Role of CT and US in assessing the delayed complications of pancreatitis
A. Ten percent to 20% of patients with acute pancreatitis and fluid collections develop pseudocysts after 4 to 6 weeks. Most pseudocysts smaller than 5 cm in diameter regress spontaneously. Drainage may be indicated for pseudocysts (1) failing to resolve after 6 weeks; (2) remaining larger than 5 cm in diameter; or (3) causing pain, infection, hemorrhage, bowel obstruction, or fistula.
US: Pseudocysts appear as anechoic fluid collections with or without internal debris surrounded by a thin wall. May appear complex or even solid because of the debris.
CECT: Pseudocysts appear as well-defined fluid collections with a uniformly thin, enhancing wall. Gas bubbles inside a pseudocyst relate to infection or enteric fistula formation.
B. Acute peritonitis may occur if a pseudocyst ruptures into the peritoneal cavity.
C. Necrosis is diagnosed by a lack of contrast enhancement within the pancreatic tissue. It is best demonstrated by MDCT in the PVP with an accuracy of 85%. CT evidence of necrosis correlated to morbidity/mortality is as follows:
• No necrosis: mortality rate (0%) and morbidity rate (6%)
• Mild (< 30% of the total gland) necrosis: mortality rate (0%) and morbidity rate (≈ 50%)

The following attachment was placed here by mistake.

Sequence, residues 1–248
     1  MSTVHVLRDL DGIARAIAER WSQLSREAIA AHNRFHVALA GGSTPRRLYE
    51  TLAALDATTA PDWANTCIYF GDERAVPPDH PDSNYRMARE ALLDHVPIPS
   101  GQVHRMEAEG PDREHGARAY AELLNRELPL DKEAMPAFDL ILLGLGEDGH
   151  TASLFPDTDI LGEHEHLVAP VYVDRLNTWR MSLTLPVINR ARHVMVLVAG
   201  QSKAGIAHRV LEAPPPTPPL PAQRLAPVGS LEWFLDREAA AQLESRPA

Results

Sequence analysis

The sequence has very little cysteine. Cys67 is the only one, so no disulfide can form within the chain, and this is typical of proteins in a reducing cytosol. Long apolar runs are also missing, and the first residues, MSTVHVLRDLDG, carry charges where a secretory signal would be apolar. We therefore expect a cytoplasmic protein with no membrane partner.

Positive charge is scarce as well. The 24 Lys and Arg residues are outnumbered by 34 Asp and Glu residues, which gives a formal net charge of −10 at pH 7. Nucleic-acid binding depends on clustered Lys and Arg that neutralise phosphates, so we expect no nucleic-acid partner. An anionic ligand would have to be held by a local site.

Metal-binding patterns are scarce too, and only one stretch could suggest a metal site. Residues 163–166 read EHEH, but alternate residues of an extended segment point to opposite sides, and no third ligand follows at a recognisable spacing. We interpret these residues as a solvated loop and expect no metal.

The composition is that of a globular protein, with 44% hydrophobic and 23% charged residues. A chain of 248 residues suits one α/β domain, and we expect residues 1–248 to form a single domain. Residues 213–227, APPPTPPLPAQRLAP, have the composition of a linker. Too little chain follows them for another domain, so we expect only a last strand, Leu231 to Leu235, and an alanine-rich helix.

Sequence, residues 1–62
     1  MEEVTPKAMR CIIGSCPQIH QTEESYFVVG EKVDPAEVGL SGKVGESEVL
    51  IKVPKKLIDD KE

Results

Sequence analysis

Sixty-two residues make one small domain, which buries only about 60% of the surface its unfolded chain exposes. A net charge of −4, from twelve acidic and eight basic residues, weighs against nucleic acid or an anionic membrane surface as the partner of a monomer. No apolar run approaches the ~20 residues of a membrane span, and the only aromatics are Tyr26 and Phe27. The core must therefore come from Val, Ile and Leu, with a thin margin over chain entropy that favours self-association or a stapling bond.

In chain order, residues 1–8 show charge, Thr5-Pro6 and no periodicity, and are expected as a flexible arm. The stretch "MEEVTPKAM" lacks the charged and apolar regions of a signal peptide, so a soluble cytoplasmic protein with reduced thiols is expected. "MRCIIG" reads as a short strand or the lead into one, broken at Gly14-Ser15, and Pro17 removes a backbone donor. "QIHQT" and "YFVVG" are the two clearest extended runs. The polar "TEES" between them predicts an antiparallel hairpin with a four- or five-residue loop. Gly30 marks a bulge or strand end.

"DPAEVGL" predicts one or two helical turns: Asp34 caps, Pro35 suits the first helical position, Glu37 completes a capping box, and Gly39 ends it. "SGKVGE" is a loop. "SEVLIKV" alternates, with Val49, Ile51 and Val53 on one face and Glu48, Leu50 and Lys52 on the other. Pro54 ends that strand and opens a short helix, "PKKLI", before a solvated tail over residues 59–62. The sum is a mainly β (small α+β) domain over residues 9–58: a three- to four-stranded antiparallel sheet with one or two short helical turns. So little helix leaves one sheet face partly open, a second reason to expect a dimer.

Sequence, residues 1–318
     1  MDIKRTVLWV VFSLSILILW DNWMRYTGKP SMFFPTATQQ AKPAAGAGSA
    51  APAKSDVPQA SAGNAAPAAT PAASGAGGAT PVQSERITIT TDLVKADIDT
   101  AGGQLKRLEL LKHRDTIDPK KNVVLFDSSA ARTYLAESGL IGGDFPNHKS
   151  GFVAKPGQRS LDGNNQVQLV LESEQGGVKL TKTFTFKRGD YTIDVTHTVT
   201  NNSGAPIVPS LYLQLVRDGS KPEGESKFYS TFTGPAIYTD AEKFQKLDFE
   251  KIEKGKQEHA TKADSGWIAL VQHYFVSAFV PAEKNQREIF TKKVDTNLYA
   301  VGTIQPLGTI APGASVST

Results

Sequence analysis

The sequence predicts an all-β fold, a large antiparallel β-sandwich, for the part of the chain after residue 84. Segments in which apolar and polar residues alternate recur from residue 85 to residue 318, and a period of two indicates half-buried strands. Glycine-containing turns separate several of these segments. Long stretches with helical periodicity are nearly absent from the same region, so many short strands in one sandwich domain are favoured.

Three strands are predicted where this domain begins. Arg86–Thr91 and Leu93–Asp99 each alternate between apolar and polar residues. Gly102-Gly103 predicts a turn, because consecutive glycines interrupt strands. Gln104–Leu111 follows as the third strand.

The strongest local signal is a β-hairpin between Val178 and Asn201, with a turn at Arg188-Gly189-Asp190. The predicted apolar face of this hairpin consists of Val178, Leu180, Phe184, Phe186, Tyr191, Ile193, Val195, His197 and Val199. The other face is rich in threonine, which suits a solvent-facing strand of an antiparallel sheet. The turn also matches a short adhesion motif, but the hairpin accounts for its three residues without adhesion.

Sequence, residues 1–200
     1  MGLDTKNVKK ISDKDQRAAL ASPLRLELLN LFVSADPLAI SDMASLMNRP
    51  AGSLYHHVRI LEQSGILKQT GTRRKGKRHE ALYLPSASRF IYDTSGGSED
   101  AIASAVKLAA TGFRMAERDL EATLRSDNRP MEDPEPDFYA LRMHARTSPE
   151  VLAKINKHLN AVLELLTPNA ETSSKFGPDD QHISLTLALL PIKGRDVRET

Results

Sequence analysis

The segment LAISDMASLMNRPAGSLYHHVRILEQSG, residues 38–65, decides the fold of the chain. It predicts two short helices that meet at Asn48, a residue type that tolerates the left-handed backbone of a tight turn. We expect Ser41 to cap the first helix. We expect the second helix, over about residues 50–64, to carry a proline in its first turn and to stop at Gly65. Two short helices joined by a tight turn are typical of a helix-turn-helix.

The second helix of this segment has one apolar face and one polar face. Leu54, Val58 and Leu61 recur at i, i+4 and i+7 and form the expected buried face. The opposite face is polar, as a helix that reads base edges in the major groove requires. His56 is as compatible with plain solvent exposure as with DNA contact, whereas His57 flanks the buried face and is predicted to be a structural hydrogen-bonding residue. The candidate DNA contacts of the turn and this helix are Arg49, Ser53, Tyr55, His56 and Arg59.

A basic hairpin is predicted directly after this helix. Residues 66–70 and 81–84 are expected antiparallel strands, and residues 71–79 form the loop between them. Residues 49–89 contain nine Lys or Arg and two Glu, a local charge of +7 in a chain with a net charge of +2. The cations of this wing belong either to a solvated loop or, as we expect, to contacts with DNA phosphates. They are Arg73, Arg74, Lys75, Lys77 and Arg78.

• Severe (> 50% of the total gland) necrosis: mortality rate (11%-25%) and morbidity rate (75%-100%)If secondarily infected, gas may be present in the area of necrosis (i.e., emphysematous pancreatitis). Infected areas usually do not contain gas, and a percutaneous aspirate is needed to confirm the diagnosis and identify the organism.
D. Abscesses result from liquefactive necrosis with subsequent infection and usually occur 4 weeks after the onset of acute pancreatitis. Rate of abscess formation varies with the amount of necrosis.
US: Abscesses appear as a hypo- to anechoic masses, sometimes containing hyperechoic gas, surrounded by a thickened wall.
MDCT: Abscesses appear as focal low-attenuation fluid collections with thick enhancing walls. If gas is present, an abscess needs to be excluded. The distinction between abscess and infected necrosis is difficult, but important because a pancreatic abscess often requires more aggressive treatment.
E. Enzymatic breakdown of the arterial wall can result in a pseudoaneurysm, most commonly in the (1) splenic, (2) gastroduodenal, or (3) pancreaticoduodenal arteries. Up to 10% of pseudoaneurysms rupture, usually into a pseudocyst, but occasionally into the retroperitoneum, peritoneum, pancreatic duct, or bowel. This results in massive hemorrhage.
US: Color Doppler US is sensitive in detecting pseudoaneurysms and their complications.
MDCT: MDCT is best at identifying pseudoaneurysms, which usually present as densely enhancing structures in close proximity to a pseudocyst.
F. Splenic vein thrombosis increases the risk of bleeding gastric varices. It is detected by absence of enhancement in the expected region of the splenic vein on MDCT in the PVP. It is present in up to 45% of cases of chronic pancreatitis. Color Doppler can also make the diagnosis.